Playmakers co-founder dies at 50
Beth Howard, healthcare advocate, thespian, mentor and beloved friend, died Oct. 10 after a six-year battle with inflammatory breast cancer.
“We knew that it was a pretty serious diagnosis,” said Mark Humphrey, who worked with Howard as a member of the Sterling Playmakers. “But Beth always said to me, ‘I’m going to beat this. This isn’t the end of me. I will see 50.’”
She celebrated her 50thbirthday in September.
Howard was known throughout her community as a larger-than-life figure whose many passions included fashion, public relations, healthcare reform, community theater and working with children. She decided that she would not let inflammatory breast cancer, which has a survival rate of less than 1 percent, interfere with her packed schedule.
“She was still volunteering at Sterling Middle School while she as on chemo,” said Kathy Bleutge, who collaborated with Howard on theatrical productions for more than a decade. “She had a bad reaction to one of the treatments and there was this big scar on her arm. It looked like a chunk had been taken out.
“Kids will be blatantly honest and some of them were asking what happened. She said, ‘Oh, a shark bit me.’ And when they wanted to know how she just said, ‘Well, with his teeth!’ She was like that. It was like nothing could ever get her down.”
Howard co-founded the Sterling Playmakers in 1996 and was intimately involved in dozens of productions. She directed “Hello, Dolly!“this summer while in the final phases of stage-4 cancer.
“She liked to mentor, especially the younger crowd,” said Helen Gernhardt, a close friend. “She loved working with kids. Several kids started when they were like 5 or 6 years old and continued to participate throughout high school. A couple of them have gone on to college majoring in musical theater or something theater related, and I know it made Beth feel so proud to think that she had a small part in that.”
In addition to personally taking several children from difficult homes under her wing and making sure they had adequate school supplies, Howard dedicated a large part of her life to healthcare advocacy. She worked tirelessly for health education and for expanding healthcare access to rural areas.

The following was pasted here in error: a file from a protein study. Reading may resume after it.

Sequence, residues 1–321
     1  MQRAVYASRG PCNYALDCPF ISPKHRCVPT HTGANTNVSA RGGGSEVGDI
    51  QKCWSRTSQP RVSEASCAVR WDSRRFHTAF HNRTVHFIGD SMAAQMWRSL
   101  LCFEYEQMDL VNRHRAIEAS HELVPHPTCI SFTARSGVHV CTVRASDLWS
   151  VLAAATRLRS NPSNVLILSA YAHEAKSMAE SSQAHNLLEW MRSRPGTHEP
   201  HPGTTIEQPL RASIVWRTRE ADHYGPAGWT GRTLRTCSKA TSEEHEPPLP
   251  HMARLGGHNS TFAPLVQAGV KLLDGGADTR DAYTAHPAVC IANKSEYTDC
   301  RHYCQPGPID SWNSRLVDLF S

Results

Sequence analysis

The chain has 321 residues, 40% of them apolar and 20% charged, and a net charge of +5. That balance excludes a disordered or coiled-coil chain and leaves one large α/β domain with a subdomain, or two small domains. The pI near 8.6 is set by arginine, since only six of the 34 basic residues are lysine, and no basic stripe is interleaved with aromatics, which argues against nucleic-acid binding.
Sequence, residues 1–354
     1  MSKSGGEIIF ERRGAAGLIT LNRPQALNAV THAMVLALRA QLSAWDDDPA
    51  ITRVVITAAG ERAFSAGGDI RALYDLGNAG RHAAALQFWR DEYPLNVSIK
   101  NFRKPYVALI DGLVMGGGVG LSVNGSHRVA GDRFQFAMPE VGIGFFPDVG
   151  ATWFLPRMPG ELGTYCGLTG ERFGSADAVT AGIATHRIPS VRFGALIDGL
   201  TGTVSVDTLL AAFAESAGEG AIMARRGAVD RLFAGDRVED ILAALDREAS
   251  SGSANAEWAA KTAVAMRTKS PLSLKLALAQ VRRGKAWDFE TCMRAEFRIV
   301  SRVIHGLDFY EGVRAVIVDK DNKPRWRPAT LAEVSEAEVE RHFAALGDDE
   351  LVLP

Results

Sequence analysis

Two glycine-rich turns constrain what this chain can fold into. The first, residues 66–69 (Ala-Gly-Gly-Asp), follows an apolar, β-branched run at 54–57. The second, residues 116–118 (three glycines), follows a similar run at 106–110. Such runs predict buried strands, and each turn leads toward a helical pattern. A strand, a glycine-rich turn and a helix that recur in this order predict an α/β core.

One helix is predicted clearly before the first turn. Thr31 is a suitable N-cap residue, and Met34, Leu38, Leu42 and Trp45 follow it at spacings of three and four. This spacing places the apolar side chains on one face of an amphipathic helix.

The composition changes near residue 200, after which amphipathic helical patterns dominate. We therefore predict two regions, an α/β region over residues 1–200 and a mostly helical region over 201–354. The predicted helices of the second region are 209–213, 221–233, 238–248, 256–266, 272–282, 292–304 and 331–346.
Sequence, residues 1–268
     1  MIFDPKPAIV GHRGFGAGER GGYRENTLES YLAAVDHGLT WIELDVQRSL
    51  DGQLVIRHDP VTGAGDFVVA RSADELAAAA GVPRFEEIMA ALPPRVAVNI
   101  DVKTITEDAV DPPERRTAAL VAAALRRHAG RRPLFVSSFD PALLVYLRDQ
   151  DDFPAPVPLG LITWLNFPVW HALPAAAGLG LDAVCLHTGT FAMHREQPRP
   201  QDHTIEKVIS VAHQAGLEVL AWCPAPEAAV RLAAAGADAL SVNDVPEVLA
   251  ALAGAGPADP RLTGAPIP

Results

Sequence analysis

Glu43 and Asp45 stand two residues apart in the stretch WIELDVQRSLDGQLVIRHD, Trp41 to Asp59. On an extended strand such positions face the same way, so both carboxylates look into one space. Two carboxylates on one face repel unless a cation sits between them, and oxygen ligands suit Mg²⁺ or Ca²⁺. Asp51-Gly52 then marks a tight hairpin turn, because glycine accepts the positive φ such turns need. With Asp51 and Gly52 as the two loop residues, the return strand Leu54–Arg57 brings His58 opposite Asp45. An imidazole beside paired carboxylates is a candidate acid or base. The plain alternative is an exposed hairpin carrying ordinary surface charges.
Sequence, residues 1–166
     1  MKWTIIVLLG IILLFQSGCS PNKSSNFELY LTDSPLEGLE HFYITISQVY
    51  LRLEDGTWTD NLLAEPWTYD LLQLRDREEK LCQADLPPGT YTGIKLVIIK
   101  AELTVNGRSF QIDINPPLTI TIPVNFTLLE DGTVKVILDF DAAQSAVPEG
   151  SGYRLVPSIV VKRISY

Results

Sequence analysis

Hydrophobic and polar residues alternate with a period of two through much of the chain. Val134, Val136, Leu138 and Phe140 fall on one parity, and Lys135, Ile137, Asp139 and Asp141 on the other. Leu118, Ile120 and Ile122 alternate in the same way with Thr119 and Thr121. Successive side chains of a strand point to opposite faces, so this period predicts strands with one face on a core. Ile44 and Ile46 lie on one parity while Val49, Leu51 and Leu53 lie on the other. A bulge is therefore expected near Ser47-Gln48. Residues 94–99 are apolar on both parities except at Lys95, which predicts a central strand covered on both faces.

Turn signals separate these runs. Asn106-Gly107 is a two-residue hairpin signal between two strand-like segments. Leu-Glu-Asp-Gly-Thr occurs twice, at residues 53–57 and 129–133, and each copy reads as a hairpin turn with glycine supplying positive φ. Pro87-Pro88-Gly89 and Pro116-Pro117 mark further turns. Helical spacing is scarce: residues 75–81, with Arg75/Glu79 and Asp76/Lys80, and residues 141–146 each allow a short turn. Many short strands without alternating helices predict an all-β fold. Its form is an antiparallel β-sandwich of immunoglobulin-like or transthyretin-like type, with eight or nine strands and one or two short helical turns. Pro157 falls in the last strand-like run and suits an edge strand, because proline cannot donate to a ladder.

“There are communities where it may be four to six hours to drive to chemotherapy,” she said when she spoke to the Times-Mirror in July. “I’m still on chemotherapy, and having to drive that far limits whether you can take treatment, whether it will be accessible. [What] if I had been in one of those communities?”
Concern for others was the animating force of Howard’s life.
“She was by nature a caretaker,” recalled Helen Gernhardt, Howard’s close friend. “At one point my husband had to travel a lot for work, and when she sensed I was lonely she’d call me up and say, ‘Come on, we’re going shopping. You’re coming with me.’ She pulled me out of myself. One of hardest things she had to learn when she was diagnosed was that it was OK for others to take care of her. But it made our friendship so much stronger.”
Among those who knew her, Howard is remembered for a magnetic personality that “drew people toward her” and for her unflagging optimism.
“She had some very tough things happen in her life but she was always very positive,” said Bleutge, Howard’s Playmakers colleague. “I don’t know how she could be that way. And I think that’s why it hit us so hard; she stayed so positive that it was difficult to believe it was really that bad.”
Howard’s energy and optimism were irrepressible.
“When I went to visit her in the hospital she was sleeping,” said Bleutge. “And I know this sounds crazy, but for some reason I expected her to jump right up and say, ‘Let’s go. Let’s get out of here.’”
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